About half of the city of Ogden—mostly the older neighborhoods—doesn’t have secondary water. Residents in those areas irrigate with metered culinary water, so we know how much they’re using. The amounts vary enormously, with many households using only a few thousand gallons per month but a few dozen customers using hundreds of thousands of gallons each. The use distribution from August 2012 is shown below, with the largest users (about 7% of them) omitted in order to show the rest at a reasonable scale. The median use among these customers during that month was 14,100 gallons, while the average, skewed by the high-use customers, was 20,500 gallons. One customer used a whopping 513,900 gallons.

These customers, of course, have a financial incentive to limit their water use (although thanks to relatively high base rates, the per-gallon fees aren’t very noticeable for those who use only a few thousand gallons per month). We can only presume that the other half of the city, with no such incentive, uses considerably more irrigation water per household.

For their culinary water, customers in Ogden receive a bill that shows not only the amount charged, but also the gallons used. In recent years the city has put additional useful information on the bill, such as the monthly amounts used over the past year (shown as a column graph) and a breakdown of how the water bill was calculated (which I personally lobbied for in early 2012). What’s still missing is any information comparing your usage to that of other city residents.

Along these lines, take eight minutes to watch this fantastic TED lecture. The speaker is Alex Laskey, president of a young company called Opower that helps utilities conserve energy by keeping their customers better informed. As Laskey describes, Opower’s work was motivated by an experiment done a decade ago in southern California, in which researchers found that the way to motivate people to use less electricity was to inform them about the conservation efforts of their neighbors.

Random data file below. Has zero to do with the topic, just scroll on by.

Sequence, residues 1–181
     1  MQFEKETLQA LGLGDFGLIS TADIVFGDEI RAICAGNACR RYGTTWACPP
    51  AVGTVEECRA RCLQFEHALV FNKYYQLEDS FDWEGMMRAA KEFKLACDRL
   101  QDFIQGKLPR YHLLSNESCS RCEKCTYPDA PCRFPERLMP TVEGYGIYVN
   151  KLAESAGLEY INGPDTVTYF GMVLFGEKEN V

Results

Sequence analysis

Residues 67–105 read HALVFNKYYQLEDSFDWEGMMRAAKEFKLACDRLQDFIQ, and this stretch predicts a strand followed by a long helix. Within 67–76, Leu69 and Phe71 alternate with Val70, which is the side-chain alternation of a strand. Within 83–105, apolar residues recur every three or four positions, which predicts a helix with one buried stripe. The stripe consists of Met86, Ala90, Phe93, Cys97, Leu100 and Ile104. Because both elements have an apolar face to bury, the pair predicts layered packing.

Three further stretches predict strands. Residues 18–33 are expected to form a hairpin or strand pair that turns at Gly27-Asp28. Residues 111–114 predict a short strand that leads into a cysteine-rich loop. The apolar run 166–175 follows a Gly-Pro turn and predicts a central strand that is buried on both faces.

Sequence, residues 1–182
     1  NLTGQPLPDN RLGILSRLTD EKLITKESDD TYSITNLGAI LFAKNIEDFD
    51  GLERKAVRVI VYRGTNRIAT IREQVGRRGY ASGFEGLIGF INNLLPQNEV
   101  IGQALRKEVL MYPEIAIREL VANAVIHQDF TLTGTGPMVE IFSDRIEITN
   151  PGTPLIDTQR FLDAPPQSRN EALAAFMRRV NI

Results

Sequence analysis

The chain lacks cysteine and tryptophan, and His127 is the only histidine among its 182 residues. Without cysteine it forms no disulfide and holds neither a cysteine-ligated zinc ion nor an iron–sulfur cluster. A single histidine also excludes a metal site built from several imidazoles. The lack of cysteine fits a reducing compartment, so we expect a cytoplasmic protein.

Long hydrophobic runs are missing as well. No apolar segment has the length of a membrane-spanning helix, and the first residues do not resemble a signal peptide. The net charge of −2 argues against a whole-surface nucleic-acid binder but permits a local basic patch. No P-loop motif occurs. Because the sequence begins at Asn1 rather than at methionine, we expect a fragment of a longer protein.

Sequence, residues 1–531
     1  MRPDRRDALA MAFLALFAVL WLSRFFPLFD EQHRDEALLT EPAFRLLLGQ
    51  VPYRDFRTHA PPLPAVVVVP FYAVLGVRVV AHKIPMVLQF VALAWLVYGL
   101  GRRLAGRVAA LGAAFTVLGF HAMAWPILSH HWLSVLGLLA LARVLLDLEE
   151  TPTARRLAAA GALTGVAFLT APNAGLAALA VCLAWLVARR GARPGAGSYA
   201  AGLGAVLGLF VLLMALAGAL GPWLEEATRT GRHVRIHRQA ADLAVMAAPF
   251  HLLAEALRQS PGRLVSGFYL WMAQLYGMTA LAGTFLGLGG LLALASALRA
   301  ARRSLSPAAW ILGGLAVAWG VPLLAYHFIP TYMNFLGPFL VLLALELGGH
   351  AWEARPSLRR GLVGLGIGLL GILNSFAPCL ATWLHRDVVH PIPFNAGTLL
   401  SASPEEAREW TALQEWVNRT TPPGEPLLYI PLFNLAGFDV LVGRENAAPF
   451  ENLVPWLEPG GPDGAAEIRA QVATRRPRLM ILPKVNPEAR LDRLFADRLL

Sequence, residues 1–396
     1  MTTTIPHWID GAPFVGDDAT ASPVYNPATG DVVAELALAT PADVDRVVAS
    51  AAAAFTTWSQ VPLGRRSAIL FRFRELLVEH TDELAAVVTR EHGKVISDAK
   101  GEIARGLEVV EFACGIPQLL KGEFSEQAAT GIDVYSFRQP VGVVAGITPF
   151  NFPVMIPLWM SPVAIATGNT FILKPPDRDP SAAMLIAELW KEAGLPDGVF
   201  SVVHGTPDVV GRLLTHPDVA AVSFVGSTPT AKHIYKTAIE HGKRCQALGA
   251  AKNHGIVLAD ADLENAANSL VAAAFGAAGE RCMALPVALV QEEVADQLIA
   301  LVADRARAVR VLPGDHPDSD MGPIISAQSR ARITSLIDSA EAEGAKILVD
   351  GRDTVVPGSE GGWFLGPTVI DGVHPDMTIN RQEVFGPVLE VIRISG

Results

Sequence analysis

Wouldn’t it be fantastic if all our utilities told customers how their usage compares to the average use of their neighbors? We could start with culinary water customers, right here in Ogden.

For our unmetered secondary water, though, it won’t be so easy. The first step is obviously to install meters. That will take a long time, but already the process has begun. Our area’s largest supplier of secondary water now has a pilot program to meter its customers’ usage in a few small neighborhoods. Based on the success of this program, I’m told that they’re hoping to install meters throughout their service area within as little as a decade. At that point they can, if they choose, begin to charge customers based on usage. But even before that controversial step, I suspect they’ll see significant water savings merely from telling customers whether their usage is excessive by local standards.

1 comment:

  1. Incidentally, if I had taken those 9200 gallons of irrigation water out of the culinary water system, I would have paid an extra $13.80 on my city water bills. Compare that to the $180.80 flat fee that I was charged on my property tax for having access to secondary water. The difference is a rough measure of how much I'm paying to subsidize neighbors who use more than the average amount.